For 2012, the Sharps Compliance Corporation’s annual report design reflects the Texas-based company’s mission that is rooted in preservation of the environment.
Headquartered in Houston, Sharps Compliance provides environmentally-sensitive solutions for the proper management of medical waste and used healthcare products. Sharps Compliance also develops solutions that deal with unused and expired patient-dispensed pharmaceuticals and over-the-counter medications.
Previous years’ annual report designs focused on the product development side of the business. For this year, Sharps Compliance chose an option featuring graphic design, illustration and print production elements that reinforce its commitment to the environment. This can be seen in such attributes as color palette, minimalist style for illustration and infographics, and the utilization of eco-friendly printing stock.
In an industry that takes its direction from myriad advances in technology and aesthetics, it's nice to also know that much of our work is rooted in timeless best practices and simple physics. I was reminded of this when perusing a recent post in Print Magazine's Imprint online community.
Imprint author J.J. Sedelmaier takes us on a tour of 1920s-era design and advertising texts, including Advertising Production Methods, Light and Color in Advertising and Merchandising, and more (all published by McGraw-Hill Company). Here are a few of my favorites, taken from Outdoor Advertising:
With both my pre-teen daughters' current fascination with cut paper crafts, and their burgeoning interest in graphic design, the creativereview.co.uk blog headline "Make design history with scissors and glue" immediately caught my attention.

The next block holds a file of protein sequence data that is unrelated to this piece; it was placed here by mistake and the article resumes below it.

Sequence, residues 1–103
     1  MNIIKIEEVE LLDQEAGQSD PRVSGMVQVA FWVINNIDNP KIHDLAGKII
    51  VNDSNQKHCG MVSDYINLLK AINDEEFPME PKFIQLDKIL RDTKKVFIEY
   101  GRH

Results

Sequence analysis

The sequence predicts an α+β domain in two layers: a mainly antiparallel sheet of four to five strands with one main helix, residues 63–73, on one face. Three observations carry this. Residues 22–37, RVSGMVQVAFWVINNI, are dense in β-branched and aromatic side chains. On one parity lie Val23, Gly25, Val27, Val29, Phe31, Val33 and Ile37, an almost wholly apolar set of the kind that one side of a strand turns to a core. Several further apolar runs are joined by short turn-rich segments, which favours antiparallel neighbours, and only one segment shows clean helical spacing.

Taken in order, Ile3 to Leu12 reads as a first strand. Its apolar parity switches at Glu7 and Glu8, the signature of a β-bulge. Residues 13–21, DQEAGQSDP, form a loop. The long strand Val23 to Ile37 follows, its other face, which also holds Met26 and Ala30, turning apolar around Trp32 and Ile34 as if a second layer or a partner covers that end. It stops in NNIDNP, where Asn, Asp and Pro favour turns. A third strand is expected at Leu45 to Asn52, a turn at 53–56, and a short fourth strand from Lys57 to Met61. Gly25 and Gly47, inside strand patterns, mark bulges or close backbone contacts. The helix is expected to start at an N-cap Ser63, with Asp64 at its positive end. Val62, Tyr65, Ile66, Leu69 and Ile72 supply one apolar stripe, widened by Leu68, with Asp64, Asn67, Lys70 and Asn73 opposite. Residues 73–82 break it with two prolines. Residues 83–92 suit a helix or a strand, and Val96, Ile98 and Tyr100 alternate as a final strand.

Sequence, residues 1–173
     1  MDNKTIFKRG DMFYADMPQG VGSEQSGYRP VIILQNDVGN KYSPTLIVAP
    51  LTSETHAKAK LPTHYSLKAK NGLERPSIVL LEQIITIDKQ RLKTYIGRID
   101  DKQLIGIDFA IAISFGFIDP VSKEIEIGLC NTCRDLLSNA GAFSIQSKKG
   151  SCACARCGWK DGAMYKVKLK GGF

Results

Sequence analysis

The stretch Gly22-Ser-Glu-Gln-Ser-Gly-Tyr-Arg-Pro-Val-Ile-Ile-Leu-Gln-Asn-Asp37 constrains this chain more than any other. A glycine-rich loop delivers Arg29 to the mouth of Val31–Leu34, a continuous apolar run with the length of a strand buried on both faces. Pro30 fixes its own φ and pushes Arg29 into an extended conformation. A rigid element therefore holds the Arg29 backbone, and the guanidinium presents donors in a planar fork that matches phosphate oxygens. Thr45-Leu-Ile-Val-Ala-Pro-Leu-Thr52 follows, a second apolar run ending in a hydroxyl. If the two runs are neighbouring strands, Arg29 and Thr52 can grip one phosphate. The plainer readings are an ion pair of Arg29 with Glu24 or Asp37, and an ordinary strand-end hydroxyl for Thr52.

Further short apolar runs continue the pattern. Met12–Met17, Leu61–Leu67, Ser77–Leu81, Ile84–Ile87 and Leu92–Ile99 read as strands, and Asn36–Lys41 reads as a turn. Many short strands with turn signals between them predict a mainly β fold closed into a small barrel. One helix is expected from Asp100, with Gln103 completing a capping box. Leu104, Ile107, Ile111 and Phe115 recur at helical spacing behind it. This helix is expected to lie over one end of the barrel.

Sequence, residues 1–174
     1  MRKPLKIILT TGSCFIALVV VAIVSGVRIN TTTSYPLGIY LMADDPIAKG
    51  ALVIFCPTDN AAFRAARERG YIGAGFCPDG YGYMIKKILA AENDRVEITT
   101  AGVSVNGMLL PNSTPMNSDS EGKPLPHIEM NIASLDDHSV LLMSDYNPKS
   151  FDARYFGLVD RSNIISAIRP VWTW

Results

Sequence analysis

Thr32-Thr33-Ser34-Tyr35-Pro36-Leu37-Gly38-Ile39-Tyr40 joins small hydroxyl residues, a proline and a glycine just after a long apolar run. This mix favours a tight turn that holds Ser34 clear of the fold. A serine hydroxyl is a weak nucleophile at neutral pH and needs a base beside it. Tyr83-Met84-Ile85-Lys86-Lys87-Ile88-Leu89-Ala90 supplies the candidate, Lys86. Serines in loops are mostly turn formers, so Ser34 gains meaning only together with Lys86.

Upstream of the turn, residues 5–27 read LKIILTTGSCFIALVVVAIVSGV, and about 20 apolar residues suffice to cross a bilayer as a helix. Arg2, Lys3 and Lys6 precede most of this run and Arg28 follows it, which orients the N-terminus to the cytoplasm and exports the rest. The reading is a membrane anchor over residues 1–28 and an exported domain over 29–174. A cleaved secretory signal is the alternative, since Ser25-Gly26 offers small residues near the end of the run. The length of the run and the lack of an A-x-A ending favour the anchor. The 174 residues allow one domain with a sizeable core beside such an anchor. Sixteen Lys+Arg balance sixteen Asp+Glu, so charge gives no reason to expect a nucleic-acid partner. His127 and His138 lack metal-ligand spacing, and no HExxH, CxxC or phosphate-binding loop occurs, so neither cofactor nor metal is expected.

The subject of the blog post, the book entitled A History of Graphic Design for Rainy Days (Gestalten), is now on my Christmas shopping list. Not only will my daughters benefit from it, but I'll finally have a way to easily explain graphic design (for the 100th time) to my adult relatives.
Uncle Ralph: "What is it you say you do? Graphic design? What's that?"
Me: "Read this Uncle Ralph... Merry Christmas. So, where's the eggnog?"
We're adding to our design team and are on the look-out for a graphic designer.
The following is some info on the position and the kind of person we're looking for. Also, take a look at our guiding principle to make sure you resonate with why we get out of bed every day.
Bob Wright Creative is in search of a talented designer for an entry-to-mid-level position within our close-knit team. Our collaborative environment offers an excellent atmosphere in which to create and grow.
The ideal candidate is a talented problem solver that is well organized, highly motivated and detail-oriented. Some work experience in the design field is preferred. Talent, drive and work ethic are crucial.
- Concept development and design
- Client interaction
- InDesign, Photoshop and Illustrator work for a variety of projects.
- Both thrive in a collaborative environment and work effectively independently
- Can handle multiple projects and deadlines simultaneously
- Proficiency with InDesign, Illustrator and Photoshop is required.
- Flash, Powerpoint and web development skills a plus.
- Knowledge and experience in both print and web design is required.
- Ability to conduct research, analyze and problem solve.
- Organized, self-starter
- Illustration skills a plus
I've been asked to talk about what our firm looks for in freshly minted designers in order to help them think about what skills to develop and how to put together a winning portfolio. It's such an honor because it ties into our guiding principle and I love the chance to give back and to help young people find their way.
Special thanks to Liz Brownell, Assistant Professor of Art, for the invitation—You made my day!
Remember the days when you had to develop a creative brief to kick off a project? You know, when budgets were not an issue and the three-martini lunch was standard?
Yeah. Neither do we and we’ve been at this for over 40 years.